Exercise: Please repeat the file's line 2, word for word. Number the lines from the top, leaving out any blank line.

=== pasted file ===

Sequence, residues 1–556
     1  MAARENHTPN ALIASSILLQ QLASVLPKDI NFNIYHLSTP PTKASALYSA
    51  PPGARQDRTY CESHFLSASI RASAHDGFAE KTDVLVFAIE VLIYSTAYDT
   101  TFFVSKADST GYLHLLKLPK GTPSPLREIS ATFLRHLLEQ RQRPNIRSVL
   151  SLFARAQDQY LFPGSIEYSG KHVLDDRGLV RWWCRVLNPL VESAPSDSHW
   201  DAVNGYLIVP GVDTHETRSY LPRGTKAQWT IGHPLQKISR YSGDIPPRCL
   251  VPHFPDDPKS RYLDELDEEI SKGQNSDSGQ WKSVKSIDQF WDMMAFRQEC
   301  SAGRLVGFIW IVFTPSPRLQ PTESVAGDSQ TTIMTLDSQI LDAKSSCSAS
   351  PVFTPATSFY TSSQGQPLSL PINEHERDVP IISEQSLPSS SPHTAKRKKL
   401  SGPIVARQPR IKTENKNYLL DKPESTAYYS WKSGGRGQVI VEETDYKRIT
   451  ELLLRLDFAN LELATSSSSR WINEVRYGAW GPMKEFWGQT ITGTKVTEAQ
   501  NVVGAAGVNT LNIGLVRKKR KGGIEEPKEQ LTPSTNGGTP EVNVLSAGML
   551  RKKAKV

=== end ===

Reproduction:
     1  MAARENHTPN ALIASSILLQ QLASVLPKDI NFNIYHLSTP PTKASALYSA